The pre-launch publicity for “Supergirl” was great. The show? Not so much.
That’s one conclusion you might reach when considering the dropoff in audience that has been experienced by “Supergirl” since its premiere Oct. 26 on CBS.
At first, her ratings were super. Then they got weaker, and then weaker again, as if the show had suddenly been exposed to kryptonite. Well, here in the real world, kryptonite is not a factor. But a show not meeting expectations is a reality we sometimes have to live with.
Here’s what happened: “Supergirl” premiered amid a superlative publicity campaign that was so effective there was barely a person in America who didn’t hear about it. It was ballyhooed in old media and new -- on CBS, of course (particularly during the football games on Sunday, Oct. 25, the day before “Supergirl” premiered), and all over social media, where younger viewers -- the group of people who seem to love superhero movies and TV shows -- were well-informed of its pending premiere.
And so a total audience of 12.96 million tuned in for Episode One. And CBS, which generally aims its shows at the 25-54 demo, scored a 3.1 rating in 18-49s, tying that evening with “The Voice” on NBC -- a great result for CBS.
Then, a week later, the total audience for “Supergirl” fell to 8.87 million with a 2.2 in the demo (18-49). In Week Three last Monday, the audience tally came in at less than that -- 8.07 million -- with a 1.7 rating in 18-49 viewers. So in the course of three episodes, “Supergirl” lost just shy of 38 percent of its total audience and 45 percent of its audience in the 18-49 group.
How can this be? One answer that is not unreasonable (and possibly simplistic) is that many people sampled the show on Night One following all the pre-launch hype, and then didn’t come away caring enough about plucky Supergirl to tune in for Week Two. The question remains, however: Is that really enough to explain why so many of them didn’t return?
Here’s the part of this blog post where I would ordinarily be expected to expound on the merits -- good, bad or indifferent -- of “Supergirl” in an effort to identify something in the show’s quality that might tell us why a third of its premiere-night audience disappeared within a week.
But I cannot help you here. I am not a particular fan of superhero stories, and I have no idea what attracts people to them. To me, “Supergirl” looks like it should be working. It has a likable, fresh-faced lead in this Melissa Benoist who plays her, and there are plenty of near-catastrophes and bad guys for her to battle in every episode. And there are even some twists in her story.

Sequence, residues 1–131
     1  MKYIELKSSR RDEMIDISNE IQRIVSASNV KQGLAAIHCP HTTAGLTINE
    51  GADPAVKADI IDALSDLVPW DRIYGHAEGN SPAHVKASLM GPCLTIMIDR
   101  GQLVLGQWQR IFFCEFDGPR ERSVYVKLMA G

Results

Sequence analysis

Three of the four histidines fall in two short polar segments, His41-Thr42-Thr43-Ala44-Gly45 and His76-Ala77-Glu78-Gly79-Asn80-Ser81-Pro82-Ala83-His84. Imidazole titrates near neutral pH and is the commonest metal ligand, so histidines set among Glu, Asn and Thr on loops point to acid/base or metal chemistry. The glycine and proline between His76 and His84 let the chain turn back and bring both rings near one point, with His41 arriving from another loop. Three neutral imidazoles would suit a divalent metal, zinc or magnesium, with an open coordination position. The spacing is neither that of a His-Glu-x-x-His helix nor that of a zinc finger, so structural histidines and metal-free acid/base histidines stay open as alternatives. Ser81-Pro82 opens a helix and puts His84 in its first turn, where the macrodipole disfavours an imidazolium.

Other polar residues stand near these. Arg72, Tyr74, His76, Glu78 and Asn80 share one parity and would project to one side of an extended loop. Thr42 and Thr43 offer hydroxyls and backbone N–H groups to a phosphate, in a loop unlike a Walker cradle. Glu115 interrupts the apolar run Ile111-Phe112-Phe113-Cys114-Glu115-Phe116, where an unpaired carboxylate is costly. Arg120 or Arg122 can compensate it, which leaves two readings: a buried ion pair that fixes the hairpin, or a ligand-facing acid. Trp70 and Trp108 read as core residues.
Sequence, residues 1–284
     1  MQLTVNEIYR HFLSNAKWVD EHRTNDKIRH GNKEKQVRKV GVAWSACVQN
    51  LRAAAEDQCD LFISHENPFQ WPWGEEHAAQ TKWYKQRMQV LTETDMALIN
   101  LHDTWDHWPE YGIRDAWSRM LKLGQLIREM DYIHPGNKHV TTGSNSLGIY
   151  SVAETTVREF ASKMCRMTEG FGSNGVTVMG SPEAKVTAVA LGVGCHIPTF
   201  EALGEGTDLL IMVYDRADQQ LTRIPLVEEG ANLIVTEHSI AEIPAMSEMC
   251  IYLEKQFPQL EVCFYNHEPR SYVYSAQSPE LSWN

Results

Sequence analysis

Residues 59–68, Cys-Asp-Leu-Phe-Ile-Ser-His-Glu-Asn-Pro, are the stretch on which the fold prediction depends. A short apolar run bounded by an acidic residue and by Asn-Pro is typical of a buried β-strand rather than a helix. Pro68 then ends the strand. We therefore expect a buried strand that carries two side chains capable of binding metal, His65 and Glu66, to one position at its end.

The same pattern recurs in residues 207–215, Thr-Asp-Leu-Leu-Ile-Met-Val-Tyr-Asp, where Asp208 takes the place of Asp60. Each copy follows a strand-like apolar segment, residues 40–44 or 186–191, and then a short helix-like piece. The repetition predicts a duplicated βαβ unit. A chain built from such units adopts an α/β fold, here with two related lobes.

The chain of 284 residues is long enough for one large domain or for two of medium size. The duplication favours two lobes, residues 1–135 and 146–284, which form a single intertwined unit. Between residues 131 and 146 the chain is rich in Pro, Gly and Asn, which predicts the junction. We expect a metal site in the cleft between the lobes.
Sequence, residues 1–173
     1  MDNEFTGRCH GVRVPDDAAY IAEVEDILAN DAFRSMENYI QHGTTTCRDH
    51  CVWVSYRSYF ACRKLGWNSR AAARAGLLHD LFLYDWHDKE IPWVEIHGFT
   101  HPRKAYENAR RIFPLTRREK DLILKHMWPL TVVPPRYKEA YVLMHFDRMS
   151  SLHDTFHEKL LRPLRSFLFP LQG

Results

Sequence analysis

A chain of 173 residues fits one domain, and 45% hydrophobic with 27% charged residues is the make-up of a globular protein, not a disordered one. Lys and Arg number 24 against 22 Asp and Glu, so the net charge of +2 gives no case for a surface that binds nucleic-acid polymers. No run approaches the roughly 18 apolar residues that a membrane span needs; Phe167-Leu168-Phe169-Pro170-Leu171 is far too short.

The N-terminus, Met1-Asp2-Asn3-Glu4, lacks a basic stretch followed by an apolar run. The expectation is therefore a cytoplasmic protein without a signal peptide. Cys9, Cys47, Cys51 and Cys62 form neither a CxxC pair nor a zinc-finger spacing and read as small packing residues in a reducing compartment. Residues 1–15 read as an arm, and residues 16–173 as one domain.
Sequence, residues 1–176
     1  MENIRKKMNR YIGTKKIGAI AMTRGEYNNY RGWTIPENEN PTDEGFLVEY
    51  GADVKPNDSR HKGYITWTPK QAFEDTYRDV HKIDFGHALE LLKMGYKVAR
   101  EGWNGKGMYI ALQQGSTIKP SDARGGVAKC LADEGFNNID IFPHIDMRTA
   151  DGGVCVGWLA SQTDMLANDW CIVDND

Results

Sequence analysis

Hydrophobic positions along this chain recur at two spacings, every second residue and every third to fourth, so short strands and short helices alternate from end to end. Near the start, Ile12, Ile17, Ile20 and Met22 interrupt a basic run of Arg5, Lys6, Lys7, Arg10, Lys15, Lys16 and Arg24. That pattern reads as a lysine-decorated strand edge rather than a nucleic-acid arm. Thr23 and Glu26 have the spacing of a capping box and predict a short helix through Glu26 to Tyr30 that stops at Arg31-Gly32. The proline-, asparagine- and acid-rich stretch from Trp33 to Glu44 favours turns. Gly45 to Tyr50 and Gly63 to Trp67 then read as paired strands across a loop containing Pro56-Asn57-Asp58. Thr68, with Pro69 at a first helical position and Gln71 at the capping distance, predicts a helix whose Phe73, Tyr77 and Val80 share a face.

For example, in Episode Two, as Supergirl was getting her bearings in her new role as a superhero in fictional National City, she learned that super powers alone are not enough to make a superhero super.
Sound judgement gained from experience is also necessary, which became apparent when Supergirl used her super-strength to move an oil tanker away from a dock where a fire was raging. In the process, she accidentally tore a big gash in the ship’s hull and caused a devastating oil spill. The local media then vilified her as a menace -- demonstrating that it’s not necessarily a given that a city will welcome the appearance of a self-identifying hero with outsized powers.
It was a clever and welcome angle on the stale, old superhero scenario, although for all I know, others have taken this approach too. I’ve already admitted I’m not exactly an expert on superhero stories. But I do have an opinion on one aspect of this new “Supergirl” series that I have observed.
In addition to her dramatic rescue of a crippled airliner in Episode One and her various face-offs with bank robbers and other thugs, the show has a running storyline concerning a shadowy government agency that battles aliens and has recruited Supergirl to work with them since all the intergalactic baddies seem to have superpowers just like she does.
When I watch this show, the intrusion of this continuing subplot stops the show in its tracks. It’s dead weight, it’s not interesting and no one in the viewing audience can relate to any of it. The entire thing should be jettisoned and the show should concentrate its focus squarely on the struggle of this young woman to fit in, while at the same time celebrating the qualities that make her different and also special.
Talk about relatable: Isn’t that what everyone is into these days?
“Supergirl” airs Monday nights at 8 Eastern on CBS.